Soon after the MarbleMedia deal was secured, sales chief Solange Attwood exited and later launch her own venture, Serial Maven Studios, and more change was to come. This month, Blue Ant sold Beach House, which makes the likes of Netflix’s Missing: The Lucie Blackman Case and Ice Cold: Murder, Coffee and Jessica Wongso, to Fremantle earlier this month in a something of a surprise move.

The deal hadn’t actually been announced when we speak with MacMillan, and he later sends a statement explaining the move: “We had many years of creative collaboration with Donovan Chan, Jocelyn Little and the whole Beach House Pictures team and we wish them, and Fremantle, all the best on this new chapter. Right now, Blue Ant is committed to investing in its newly formed studios business, under the leadership of Mark Bishop and Matthew Hornburg, with a key focus on North America — and the UK for distribution.

“That said, we may look to international markets to grow that side of Blue Ant’s business in the future, but not at this time. Asia-Pacific remains an important market for Blue Ant, in particular for global channels and programme distribution.”

When to apply the gas

MacMillan maybe lowkey about his own achievements — including co-founding and co-owning Closson Chase Vineyards and Winery and a Order of Canada award — but he clearly has heady ambitions for growth in Canada and internationally but that comes with its own challenges.

As noted, both locally and globally, networks and streamers are struggling economically. In Canada, a microcosm of that is evidenced through the lack of streamer spend, with the likes of Disney+ pulling out altogether, and networks reducing tariffs as they seek to make savings. However, Canada’s tax rebate system, local funding structures and production stages still make it an attractive proposition.

“There’s more and more choice ever year, with on-demand helping to drive that, and we see increased demand for what we do,” says MacMillan. “Though our focus is international, a lot of what we physically make is in Canada, and it remains a great place to make programming, even when you’re aiming at the whole world. The fact we have a strong international distribution business for programmes and our channels, along with our Canadian channels bundle, helps turbocharge our production business.

“You may think I’m avoiding talking about the economic challenges in the industry, but it is in those times that it can be when you want to grow, so when you do come out of the duldrums, you’re well positioned. We had a town hall at Blue Ant and the metaphor I was using for these recession times was that it’s like driving a car: you come to a turn in the road, so you apply the brakes as you approach. But when do you apply the gas? You actually hit the gas before you reach the turn. Metaphorically, before things improve is when you want to be setting up.”

Going forwards, resources will continue to pump into owned channel/platforms, program sales and production, with the “extremely competitive” FAST market a particular focus thanks to its “explosive growth.” MacMillan has in mind a 2030 date for when over-the-air and streaming distribution truly converge, and “the proof will be in the eating of the pudding.”

“The only reason we were able to jump into FAST so effectively — and with Love Nature, which was already a subscription product in most countries — was because we owned the IP,” he adds. “If we hadn’t, that would not have been possible. Our first priority is allocating resource to content we can produce and own.”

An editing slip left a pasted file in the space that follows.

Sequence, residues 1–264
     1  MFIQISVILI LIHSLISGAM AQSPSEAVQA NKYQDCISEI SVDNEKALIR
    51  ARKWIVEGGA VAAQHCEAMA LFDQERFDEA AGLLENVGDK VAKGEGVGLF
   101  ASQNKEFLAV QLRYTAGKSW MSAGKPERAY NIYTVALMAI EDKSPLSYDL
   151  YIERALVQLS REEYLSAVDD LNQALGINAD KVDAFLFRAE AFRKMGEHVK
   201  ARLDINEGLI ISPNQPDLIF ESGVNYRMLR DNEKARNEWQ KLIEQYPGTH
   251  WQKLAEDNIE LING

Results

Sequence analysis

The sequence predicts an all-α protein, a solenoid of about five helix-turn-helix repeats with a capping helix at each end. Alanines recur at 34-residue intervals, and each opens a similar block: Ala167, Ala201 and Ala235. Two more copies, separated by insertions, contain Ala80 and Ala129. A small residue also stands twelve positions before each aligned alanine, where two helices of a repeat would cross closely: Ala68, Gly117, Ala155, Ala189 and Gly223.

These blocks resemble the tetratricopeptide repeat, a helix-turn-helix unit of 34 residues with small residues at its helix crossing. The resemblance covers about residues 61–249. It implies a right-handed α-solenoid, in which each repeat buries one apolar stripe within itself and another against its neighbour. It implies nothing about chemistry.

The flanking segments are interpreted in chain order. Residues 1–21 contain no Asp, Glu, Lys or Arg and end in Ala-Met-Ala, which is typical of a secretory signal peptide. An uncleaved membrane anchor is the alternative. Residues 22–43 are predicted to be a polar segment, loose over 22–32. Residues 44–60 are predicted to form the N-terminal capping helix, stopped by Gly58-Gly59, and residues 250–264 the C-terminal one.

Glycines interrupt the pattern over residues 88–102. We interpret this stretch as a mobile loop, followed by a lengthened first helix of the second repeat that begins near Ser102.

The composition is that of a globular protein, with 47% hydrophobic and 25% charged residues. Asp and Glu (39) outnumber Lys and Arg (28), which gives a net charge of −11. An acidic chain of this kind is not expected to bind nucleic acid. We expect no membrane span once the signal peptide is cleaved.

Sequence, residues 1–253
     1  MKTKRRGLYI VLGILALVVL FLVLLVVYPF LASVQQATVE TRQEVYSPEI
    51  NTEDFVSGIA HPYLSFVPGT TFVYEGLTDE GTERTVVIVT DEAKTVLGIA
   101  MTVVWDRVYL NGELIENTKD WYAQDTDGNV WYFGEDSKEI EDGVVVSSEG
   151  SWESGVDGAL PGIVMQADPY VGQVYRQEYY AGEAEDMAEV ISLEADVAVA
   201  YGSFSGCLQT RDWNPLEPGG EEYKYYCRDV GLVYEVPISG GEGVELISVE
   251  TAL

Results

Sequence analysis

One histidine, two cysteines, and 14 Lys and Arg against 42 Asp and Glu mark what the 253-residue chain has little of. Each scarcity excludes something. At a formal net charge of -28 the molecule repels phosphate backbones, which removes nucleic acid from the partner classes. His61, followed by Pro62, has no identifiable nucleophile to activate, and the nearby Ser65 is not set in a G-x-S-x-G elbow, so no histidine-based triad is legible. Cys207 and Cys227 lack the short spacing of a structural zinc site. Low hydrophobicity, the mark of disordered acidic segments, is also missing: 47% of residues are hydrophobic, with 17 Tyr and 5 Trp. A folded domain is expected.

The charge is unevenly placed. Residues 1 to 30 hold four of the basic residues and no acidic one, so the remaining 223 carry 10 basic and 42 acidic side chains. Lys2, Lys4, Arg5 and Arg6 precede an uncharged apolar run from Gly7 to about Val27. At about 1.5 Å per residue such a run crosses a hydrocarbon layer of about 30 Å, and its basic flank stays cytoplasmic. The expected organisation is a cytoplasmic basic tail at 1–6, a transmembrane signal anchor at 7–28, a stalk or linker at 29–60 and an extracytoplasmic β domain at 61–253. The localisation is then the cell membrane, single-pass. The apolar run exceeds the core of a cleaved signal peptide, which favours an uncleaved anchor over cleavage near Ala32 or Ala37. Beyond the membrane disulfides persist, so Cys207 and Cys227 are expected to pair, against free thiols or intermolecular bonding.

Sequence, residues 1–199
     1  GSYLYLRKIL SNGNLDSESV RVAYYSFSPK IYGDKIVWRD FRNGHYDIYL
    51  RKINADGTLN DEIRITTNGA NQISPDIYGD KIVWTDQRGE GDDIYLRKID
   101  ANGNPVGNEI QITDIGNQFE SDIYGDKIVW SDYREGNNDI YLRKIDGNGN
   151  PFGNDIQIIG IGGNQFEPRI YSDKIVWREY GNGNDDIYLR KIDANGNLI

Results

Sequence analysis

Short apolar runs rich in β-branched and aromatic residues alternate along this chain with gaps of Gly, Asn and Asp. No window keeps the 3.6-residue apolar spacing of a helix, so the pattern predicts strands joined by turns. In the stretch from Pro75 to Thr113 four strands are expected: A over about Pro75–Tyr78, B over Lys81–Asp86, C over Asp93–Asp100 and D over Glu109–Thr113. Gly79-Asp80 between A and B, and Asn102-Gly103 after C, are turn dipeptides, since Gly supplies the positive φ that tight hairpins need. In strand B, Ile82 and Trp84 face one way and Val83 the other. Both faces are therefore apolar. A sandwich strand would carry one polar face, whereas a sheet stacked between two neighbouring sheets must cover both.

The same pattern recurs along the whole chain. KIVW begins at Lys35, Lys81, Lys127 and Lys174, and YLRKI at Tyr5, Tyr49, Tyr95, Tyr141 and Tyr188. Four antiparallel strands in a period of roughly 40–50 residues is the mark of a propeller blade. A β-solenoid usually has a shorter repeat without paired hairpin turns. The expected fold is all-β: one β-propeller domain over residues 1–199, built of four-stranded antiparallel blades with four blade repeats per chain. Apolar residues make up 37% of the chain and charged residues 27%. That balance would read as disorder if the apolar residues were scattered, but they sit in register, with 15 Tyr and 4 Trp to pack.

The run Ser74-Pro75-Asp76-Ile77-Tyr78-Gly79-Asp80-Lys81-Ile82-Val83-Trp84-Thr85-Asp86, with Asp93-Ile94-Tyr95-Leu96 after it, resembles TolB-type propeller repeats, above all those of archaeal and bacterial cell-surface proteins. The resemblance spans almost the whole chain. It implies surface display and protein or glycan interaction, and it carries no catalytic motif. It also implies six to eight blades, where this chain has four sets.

Though a different era, well before streaming, Alliance Atlantis (and even before that its predecessor Alliance Films) had built operations on similar foundations. The CSI franchise, now owned by Paramount Global, continues to grow — just this month, the third season of CSI: Vegas, launched its third season on CBS.

‘CSI: Vegas’ is the latest edition of the ‘CSI’ franchise that MacMillan’s Alliance Atlantis turned into a worldwide phenomenon
‘CSI: Vegas’ is the latest edition of the ‘CSI’ franchise that MacMillan’s Alliance Atlantis turned into a worldwide phenomenon

MacMillan says that being willing to share rights and windows will become ever more important, and that despite his penchant for content ownership, being a “good partner” is something to be cherished. “There’s a lot of thought, led by necessity, going into making sure others come out of our deals well. Being inflexible is not for us.”

He also an issue with the inflexibility of categorizing distribution platforms, saying it misunderstands consumers. “As an industry, we should stop using ‘linear’ in the way most of us do, because it confuses the delivery mechanism, scheduled versus on-demand, or the choice of technology,” he says. “The proof is in the pudding: people like them all.”

In the shorter term, expect Blue Ant to stay nimble and internationally-focused, striking deals such as the one for the library of UK distributor Drive Media Rights in June 2022 or MarbleMedia a year later.

“Like everybody else, we can change our mind, or change tactics and reshuffle the decks,” says MacMillan. “Don’t assume everything we’re doing will be our favourite tactic next week. Having said that, we are really intrigued by the growth and success of Love Nature and our other, smaller FAST channels. Can we build from scratch, adapt or acquire another or more international content brands? Can Love Nature have an international sibling that’s just as robust?”

And while many question whether its possible to be a successful mid-sized entertainment company in a world of tech giants and consolidated U.S. studios, MacMillan takes a typical sideways position.

“You can compare us to Apple, Amazon, Paramount or Warner Bros Discovery and we are very small, but on the other hand, in direct comparison with companies in most countries, we’re actually a decent size. We can be small enough to keep track of what we’re doing and be responsive to the projects we’re making and the creative needs of writers, talents and co-producers and be able act on it, and big enough to have resources and opportunities to bring to bear. I kinda like that size.”

Michael MacMillan: scrappy to the last second.